I accidentally* came across the most marvelous book last weekend.
*If accidentally means that I was looking for Caldecott Honor books that contain many “s” sounds.
This is a seasonal book full of amazing illustrations, simple prose, and many opportunities for speech activities.
Snow by Uri Shulevitz (and since I discovered he has written/illustrated several Caldecott Honor books, I may do more reviews about his works!)
Although our NorthWest weather is turning spring-like (read: rain), and crocuses (or it is crocii?) are popping up from the ground, it is still technically winter. And I know some less fortunate areas of the world are living amidst a cold, white background. This book is appropriate all year long.
It is a simple story of a little boy who declares that “It’s snowing”, in spite of the adults’ disclaimers that it will never last. But it does. Together, the boy, his dog, and some magical creatures begin floating, falling, circling, dancing. They come alive in the wonder of winter.
Speech Therapy Ideas
1. For kids with limited verbal skills, use a template (such as the one below) to help the child participate in the book reading. They can point to the appropriate pictures as they are read in the book, or if developed for a Voice Output device, the child can actually help read along.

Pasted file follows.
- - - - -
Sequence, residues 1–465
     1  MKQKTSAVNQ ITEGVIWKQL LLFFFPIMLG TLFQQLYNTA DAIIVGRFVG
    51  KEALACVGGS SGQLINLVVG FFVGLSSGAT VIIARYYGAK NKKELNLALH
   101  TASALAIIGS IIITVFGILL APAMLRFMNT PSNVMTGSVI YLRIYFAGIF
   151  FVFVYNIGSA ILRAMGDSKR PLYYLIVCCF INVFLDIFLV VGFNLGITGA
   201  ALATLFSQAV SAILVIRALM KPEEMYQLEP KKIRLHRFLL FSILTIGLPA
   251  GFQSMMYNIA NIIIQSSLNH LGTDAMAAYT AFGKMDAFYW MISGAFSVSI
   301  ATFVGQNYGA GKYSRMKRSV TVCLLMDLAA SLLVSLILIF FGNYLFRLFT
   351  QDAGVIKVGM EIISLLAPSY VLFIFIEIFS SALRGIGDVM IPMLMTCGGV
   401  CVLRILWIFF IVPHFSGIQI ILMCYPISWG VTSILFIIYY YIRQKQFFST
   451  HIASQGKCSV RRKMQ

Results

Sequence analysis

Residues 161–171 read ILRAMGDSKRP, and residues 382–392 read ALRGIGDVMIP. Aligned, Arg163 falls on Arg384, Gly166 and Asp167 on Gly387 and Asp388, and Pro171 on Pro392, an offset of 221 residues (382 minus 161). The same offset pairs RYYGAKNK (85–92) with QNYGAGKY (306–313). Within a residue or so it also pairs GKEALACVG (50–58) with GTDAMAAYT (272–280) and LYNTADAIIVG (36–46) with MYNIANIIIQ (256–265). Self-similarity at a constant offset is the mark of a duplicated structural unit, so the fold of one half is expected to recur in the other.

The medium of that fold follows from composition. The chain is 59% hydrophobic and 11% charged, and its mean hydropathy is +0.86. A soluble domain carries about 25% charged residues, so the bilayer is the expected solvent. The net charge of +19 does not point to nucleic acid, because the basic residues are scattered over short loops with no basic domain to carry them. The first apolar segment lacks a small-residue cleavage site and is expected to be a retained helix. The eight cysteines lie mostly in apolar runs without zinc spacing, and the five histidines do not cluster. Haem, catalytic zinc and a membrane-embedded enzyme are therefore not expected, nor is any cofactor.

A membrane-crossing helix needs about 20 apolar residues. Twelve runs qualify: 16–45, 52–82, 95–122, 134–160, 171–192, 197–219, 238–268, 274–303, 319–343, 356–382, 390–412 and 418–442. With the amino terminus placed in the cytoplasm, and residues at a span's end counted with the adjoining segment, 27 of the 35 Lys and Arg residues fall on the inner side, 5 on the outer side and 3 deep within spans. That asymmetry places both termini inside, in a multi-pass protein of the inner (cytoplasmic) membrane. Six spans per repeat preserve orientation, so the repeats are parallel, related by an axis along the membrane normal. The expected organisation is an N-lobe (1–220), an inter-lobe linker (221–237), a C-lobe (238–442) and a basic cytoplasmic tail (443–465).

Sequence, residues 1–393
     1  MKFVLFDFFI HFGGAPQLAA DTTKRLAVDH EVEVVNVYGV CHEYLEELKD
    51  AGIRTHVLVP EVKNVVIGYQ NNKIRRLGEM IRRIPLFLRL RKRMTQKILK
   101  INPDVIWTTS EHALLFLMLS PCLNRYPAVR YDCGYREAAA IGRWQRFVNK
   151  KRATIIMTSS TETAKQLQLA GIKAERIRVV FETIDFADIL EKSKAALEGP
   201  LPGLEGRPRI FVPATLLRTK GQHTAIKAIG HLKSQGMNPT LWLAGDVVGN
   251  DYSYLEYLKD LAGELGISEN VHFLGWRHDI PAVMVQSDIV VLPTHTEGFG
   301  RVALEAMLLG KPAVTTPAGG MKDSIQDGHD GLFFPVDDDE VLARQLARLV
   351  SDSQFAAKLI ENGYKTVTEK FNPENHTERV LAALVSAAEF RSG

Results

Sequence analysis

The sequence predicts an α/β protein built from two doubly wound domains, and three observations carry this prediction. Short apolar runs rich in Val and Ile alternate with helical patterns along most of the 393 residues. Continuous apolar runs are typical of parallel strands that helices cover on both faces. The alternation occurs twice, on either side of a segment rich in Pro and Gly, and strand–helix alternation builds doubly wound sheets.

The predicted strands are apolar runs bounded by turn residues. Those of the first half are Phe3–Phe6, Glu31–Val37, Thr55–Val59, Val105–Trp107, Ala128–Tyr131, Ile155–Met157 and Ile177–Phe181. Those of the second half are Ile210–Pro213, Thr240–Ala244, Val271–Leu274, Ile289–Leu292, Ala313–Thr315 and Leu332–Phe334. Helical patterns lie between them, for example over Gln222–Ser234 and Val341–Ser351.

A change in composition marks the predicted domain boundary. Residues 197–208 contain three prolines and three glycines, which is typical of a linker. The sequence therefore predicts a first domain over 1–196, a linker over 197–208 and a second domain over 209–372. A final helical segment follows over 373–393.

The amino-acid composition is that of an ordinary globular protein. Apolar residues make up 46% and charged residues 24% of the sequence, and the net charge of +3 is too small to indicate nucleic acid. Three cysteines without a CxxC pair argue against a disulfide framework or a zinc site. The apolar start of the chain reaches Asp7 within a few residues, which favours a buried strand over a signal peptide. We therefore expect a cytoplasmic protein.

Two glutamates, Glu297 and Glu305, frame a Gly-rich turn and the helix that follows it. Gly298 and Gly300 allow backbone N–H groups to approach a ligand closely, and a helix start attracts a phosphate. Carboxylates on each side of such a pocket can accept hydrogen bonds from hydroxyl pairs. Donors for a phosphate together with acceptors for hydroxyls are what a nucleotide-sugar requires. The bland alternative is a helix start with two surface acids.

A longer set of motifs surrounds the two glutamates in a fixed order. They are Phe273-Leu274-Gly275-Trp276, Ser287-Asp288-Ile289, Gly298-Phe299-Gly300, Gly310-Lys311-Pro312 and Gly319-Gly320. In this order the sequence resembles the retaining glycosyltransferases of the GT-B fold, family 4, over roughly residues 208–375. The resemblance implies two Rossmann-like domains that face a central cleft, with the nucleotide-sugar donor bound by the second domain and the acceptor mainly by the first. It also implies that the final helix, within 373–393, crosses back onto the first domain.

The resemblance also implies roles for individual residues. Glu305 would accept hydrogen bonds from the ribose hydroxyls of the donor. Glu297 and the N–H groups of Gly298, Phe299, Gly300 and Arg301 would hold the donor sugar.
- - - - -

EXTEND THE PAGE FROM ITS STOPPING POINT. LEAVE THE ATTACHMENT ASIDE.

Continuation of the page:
2. Practice “ing” verbs. There are a myriad of “ing” words to describe what the snow is doing: snowing, circling, swirling, spinning, twirling, dancing, playing, floating.
3. Practice /sn/ blends. I have several students who leave the /s/ off of blend words. This book provides a great time to practice those words, as it is clear that the story is not about “no”. Have them repeat the word over and over after the narrative. Help them to read all the “snow” words aloud with good sounds.
4. Make snowflakes together. I found a great resource for easily making gorgeous snowflakes. Yep, even I can do it. Check out these beauties:
As you are making the snowflakes, have the child work on following directions, sequencing, and retelling directions. Afterward, have them retell all the directions to another family member to see how accurately they can remember the steps and vocabulary.
Enjoy this magical book together!